Despite the bumps and bruises, Dylan Johanson continued to train himself in parkour, an artform he adored from the start.
Johanson, founder and head coach of Innate Movement Parkour in Kingston, describes parkour as “natural movement and exercise that’s fun and engaging.”
Johanson became interested in parkour in 2013 after watching videos online. He started out training and experimenting by himself; he searched for locations and obstacles to practice on, such as banks that were closed on Sundays.
“It was cool and it was very free, but I was getting banged up and didn’t have any guidance,” Johanson said. “I reached out for resources in the area to have coaches, community or people to train with.”
Johanson eventually found an organization called Parkour Generations and traveled to their location in Boston to train and learn how to coach. He went for coaching certifications in June 2014, built up a community and made it into his business.
Johanson’s goal was to provide people interested in the activity with a safe environment for education and fun.
He comes to class with a specific lesson, or “route” plan in mind, but sometimes it changes. He organizes his classes with a theme based on what the class is looking to develop. During his last class on Sept. 8, the themes were safety bailing, which is learning how to make smart decisions and prevent injury, as well as route setting, or creating a path for running and jumping from a ledge, railing or otherwise.
The outdoor class on Thursdays at 6 p.m. meets in Hasbrouck Park for warm up, stretching and intense conditioning. They jogged to the Sojourner Truth Library staircase and timed themselves while crawling backwards up the stairs. Then they used the lawn outside of Capen Hall to practice bailing by pushing each other, tumbling on the ground and getting back up. From there, they practiced overshooting by jumping from a bench, swinging on a tree branch and landing safely on the ground.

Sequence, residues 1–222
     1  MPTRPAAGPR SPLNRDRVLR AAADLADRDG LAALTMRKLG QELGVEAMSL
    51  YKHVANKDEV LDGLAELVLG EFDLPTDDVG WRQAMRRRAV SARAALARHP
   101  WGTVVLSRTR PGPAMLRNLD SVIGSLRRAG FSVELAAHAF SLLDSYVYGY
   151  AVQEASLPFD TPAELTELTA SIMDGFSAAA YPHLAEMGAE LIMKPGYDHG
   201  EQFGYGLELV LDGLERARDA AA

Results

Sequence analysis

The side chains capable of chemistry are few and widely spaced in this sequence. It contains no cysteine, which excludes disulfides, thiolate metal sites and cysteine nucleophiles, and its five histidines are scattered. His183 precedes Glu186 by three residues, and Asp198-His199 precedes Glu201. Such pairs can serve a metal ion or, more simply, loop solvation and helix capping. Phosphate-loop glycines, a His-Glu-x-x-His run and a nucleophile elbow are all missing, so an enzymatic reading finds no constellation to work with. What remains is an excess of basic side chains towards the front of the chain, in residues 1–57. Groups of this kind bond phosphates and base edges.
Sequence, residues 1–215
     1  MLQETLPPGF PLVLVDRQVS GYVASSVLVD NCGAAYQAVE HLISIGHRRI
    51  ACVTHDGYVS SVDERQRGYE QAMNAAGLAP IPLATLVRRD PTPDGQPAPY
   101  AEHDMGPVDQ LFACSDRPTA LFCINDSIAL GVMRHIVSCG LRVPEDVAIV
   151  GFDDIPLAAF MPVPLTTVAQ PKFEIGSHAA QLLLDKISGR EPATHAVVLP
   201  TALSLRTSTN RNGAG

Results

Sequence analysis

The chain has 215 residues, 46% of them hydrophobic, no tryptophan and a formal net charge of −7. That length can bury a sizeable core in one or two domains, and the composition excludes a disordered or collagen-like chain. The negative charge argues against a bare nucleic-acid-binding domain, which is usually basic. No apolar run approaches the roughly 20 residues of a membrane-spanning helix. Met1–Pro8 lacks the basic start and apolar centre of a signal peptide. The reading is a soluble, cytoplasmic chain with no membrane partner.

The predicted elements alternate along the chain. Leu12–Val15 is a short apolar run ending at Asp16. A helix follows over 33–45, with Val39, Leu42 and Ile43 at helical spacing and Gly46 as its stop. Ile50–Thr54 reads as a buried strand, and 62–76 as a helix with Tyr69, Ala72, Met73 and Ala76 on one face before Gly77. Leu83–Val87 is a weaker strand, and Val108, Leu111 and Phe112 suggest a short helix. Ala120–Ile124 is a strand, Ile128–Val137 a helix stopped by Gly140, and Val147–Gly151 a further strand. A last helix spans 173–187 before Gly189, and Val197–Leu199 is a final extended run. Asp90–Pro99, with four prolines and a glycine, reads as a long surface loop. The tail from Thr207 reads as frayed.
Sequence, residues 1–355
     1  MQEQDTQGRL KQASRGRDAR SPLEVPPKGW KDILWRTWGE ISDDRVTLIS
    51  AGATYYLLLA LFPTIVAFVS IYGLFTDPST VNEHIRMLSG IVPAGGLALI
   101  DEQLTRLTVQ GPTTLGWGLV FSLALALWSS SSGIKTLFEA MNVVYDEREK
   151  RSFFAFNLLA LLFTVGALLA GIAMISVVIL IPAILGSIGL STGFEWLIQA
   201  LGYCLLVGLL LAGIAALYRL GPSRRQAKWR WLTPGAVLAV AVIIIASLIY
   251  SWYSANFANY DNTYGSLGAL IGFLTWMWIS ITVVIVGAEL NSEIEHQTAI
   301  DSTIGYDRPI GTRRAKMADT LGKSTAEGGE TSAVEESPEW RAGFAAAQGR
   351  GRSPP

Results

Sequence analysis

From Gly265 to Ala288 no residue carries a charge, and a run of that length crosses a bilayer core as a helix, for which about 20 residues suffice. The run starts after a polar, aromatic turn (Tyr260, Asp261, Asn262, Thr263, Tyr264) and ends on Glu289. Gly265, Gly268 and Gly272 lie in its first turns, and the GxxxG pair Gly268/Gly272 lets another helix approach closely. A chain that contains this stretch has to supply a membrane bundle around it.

Afterwards, they timed themselves doing leg-ups on the ledge outside the Student Union and practiced more bailing by bouncing forwards and backwards off of a bench. Lastly, the class learned about route setting and each student created their own course, using trees, railings and steps outside the Atrium. If there’s enough time, Johanson will have the class do an “Escape the Pit” challenge between Smiley Art and Coykendall Science Buildings.
“People have this idea of parkour that it’s this adrenaline-seeking thing or to run from the cops, but it couldn’t be further from that at all,” Johanson said. “Risk management and making smart decisions is a huge part of it.”
Omar Aquino, a third-year business major at SUNY Empire State College, became fascinated by parkour after watching YouTube videos. He attended a class at Innate Movement Parkour when he saw an ad in Cafeteria on Main St. in New Paltz.
He and Johanson kept in touch and a few months later they hosted their first adult class.
Before immersing himself in parkour, Aquino was involved in martial arts, basketball, tennis and track and field. Since then, he hasn’t had the need or desire to do any other physical activity.
“[Parkour] is every possible type of movement in one art or sport, so there’s nothing that you can’t work on to improve your body health and mental state,” Aquino said.
Johanson is finishing up his masters in general business administration at SUNY New Paltz and enjoys being able to apply what he’s studied to his own company.
“It’s been years since I first became interested and started messing around, but [parkour] has become the most important thing in my life that I’ve completely immersed myself in,” Johanson said.